I'll admit it. I had a moment's pause on Thursday morning when the CBS publicist said to me, "OK. I've got Mark on the line for you."
 
Mark Caruso, a retired NYPD detective, was the latest castaway eliminated on "Survivor: South Pacific," but I don't think I referred to him as "Mark" in any of my recaps, at least not after his first appearance.
 
From the first minutes at Savaii camp, Mark encouraged his younger tribemates to call him "Papa Bear" and they followed suit and I did as well.
 
The nickname helped endear Papa Bear to the tribe, but it wasn't enough to prevent him from being targeted in an early elimination vote that was either based on perceived weakness or just on age, with the 48-year-old falling outside of the Barbie clique at his tribe's center. 
 
After losing a Redemption Island Duel to Christine, who found herself in a similar position with the Upolu tribe, Papa Bear was out of the game and on the phone with me as "Mark."
 
Full interview after the break...
 
HitFix: Sorry. I really can't figure out how to call you "Mark."
 
Mark Caruso: Call me "Papa Bear." I love it!
 
 
HitFix: OK, Papa Bear. So how was the decision to encourage your fellow castaways to use that nickname a part of your overall game strategy?
 
Papa Bear: Obviously, I knew I had to work fast, because let's be real here, first impressions are lasting. I'm older than them. I had to try to connect to something with them. I had to at least have them think "fatherly figure." I had to at least tap into that. So that's what I went with with them. I knew it wasn't going to work with Dawn, obviously, because she's a little bit younger than me, but the other people were in their 20s. They were all in their 20s and me and Dawn were in our 40s.
 
 
HitFix: So much of this game, especially early on, is about appearing to be strong and landing with the right clique, do you think there is a smart strategy that can still allow older players to win "Survivor"?
 
PB: Absolutely. Absolutely. Everything is where you land. I would have done so much better on either an older tribe, like they've done in previous seasons, or on the other tribe. The other tribe had older people. I think I would have done much, much better. The people I landed with, they were like the Barbie dolls and Kens. I was like, "Oh God." And then you had the regular guy, the Dunkin' Donuts guy or the Home Depot person, just me. Regular Joe. And then you had all of these people who were so beautiful and everything. And it worked. They all clicked. 
 
 
HitFix: But you've been watching this season. You've seen the people the other tribe has been voting out and there are some similarities.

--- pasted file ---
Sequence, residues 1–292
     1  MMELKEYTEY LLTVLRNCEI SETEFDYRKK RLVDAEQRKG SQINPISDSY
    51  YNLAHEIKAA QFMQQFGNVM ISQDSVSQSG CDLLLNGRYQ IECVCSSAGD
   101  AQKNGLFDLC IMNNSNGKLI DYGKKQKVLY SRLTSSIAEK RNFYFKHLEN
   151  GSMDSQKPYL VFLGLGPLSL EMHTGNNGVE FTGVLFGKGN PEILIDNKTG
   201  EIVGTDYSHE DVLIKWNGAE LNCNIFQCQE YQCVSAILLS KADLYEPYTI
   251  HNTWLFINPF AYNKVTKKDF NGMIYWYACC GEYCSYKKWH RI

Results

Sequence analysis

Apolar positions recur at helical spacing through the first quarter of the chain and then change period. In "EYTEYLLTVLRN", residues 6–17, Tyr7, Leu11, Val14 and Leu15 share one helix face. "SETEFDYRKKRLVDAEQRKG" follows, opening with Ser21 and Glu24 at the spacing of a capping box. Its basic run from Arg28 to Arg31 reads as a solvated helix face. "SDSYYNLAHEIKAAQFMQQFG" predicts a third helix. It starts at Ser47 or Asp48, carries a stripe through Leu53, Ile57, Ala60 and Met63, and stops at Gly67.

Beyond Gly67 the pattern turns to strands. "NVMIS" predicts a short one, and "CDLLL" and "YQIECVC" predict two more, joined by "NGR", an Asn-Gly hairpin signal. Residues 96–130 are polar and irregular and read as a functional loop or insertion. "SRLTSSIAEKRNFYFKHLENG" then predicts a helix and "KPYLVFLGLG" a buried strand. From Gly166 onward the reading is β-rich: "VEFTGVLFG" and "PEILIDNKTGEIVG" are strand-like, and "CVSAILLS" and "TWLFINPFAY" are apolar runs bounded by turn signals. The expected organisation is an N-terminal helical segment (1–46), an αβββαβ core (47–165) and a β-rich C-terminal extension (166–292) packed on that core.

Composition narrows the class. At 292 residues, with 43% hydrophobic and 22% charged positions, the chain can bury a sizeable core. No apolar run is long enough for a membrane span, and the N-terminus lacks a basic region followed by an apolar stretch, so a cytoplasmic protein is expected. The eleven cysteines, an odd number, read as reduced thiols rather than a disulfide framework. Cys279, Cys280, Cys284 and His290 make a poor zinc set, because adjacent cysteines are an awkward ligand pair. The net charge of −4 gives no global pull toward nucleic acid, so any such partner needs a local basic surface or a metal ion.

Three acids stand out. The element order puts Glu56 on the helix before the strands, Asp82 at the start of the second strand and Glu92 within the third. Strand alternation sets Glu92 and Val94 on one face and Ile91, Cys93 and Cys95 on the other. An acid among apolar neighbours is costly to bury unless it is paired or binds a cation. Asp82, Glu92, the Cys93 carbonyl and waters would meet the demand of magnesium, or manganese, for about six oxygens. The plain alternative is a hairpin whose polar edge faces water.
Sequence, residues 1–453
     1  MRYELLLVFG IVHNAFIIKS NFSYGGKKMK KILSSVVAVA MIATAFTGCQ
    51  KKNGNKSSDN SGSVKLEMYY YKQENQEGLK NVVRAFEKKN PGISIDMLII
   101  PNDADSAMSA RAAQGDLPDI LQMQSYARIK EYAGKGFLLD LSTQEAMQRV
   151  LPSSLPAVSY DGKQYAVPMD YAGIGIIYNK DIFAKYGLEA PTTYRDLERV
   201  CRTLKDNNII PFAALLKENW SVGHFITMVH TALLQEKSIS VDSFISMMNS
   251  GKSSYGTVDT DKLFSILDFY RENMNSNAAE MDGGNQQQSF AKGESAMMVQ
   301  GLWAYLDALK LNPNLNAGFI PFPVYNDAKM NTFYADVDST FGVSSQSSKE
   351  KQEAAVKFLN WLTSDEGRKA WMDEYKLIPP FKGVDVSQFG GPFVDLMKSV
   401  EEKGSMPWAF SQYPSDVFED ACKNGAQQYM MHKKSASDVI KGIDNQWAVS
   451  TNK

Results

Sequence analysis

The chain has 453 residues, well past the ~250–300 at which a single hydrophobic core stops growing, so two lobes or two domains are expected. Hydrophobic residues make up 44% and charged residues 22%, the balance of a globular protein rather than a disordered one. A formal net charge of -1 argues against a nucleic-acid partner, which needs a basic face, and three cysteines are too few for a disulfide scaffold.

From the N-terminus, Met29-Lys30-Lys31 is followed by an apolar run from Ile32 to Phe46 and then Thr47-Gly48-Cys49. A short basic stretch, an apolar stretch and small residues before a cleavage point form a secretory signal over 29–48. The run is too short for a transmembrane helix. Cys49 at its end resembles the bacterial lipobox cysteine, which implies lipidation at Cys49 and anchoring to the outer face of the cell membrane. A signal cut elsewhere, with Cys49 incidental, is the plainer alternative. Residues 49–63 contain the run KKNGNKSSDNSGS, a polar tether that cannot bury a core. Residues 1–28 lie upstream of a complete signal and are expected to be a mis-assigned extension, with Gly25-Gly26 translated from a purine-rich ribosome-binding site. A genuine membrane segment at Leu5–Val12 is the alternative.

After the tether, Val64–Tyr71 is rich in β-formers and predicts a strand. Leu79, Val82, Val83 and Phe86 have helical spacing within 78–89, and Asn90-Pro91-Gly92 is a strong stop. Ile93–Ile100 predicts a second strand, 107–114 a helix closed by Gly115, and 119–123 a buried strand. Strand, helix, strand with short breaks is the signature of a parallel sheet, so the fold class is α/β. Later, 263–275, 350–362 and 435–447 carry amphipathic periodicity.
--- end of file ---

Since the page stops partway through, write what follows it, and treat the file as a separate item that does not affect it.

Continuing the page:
PB: Well that's it. And that's why I had to work fast. I didn't find out until recently that it was not so much because of my age, but it was because they felt that I was getting too close to Ozzy.
 
 
HitFix. Huh. Well tell me more about that, since it obviously hasn't been featured in episodes thus far.
 
PB: I take that as a surprise myself, sir. I was like, "Excuse me?" and they were like, "Oh, well you were becoming too close to Ozzy and it was gonna become a block vote" and I was like, "Uh, OK. I was friendly with Ozzy and I talked with Ozzy, but I don't think I was in an alliance with Ozzy." I was telling them, each individual, "You guys were with him." So it was weird getting that vibe. But in "Survivor," you go with the group in the beginning and you have to stay with the group, so I can understand why that happened or why they would get me out. But I would have went with them too. If we were going after John Cochran, I would have followed through. As long as the target's not on your back, you're good.
 
 
HitFix: When you look back to the beginning, is there anything you think you could have done that would have led to your being in a different alliance/different position than the one you found yourself in?
 
PB: I don't think so. In the very beginning, I was with Jim and then I was supposed to get into an alliance with Keith and Ozzy, but everything was shifting in the very beginning, till they found the Five Core. And once that was it, it wasn't supposed to be me. I was not supposed to go. The first one off was supposed to be Semhar, the second was Elyse and then all of a sudden it changed.
 
 
HitFix: So what went haywire there?
 
PB: Yeah, I think Jim... Well, I know... Jim basically felt it was a block vote and I was getting too close to Ozzy. That's what he basically felt, so he threw me under the bus. And once somebody puts your name down, it follows right through, bam bam bam bam. If it's not you, you don't really care, you'll vote for whoever that person throws under the bus.
 
 
HitFix: Why would it have been smarter for them to have kept you rather than Cochran or Dawn?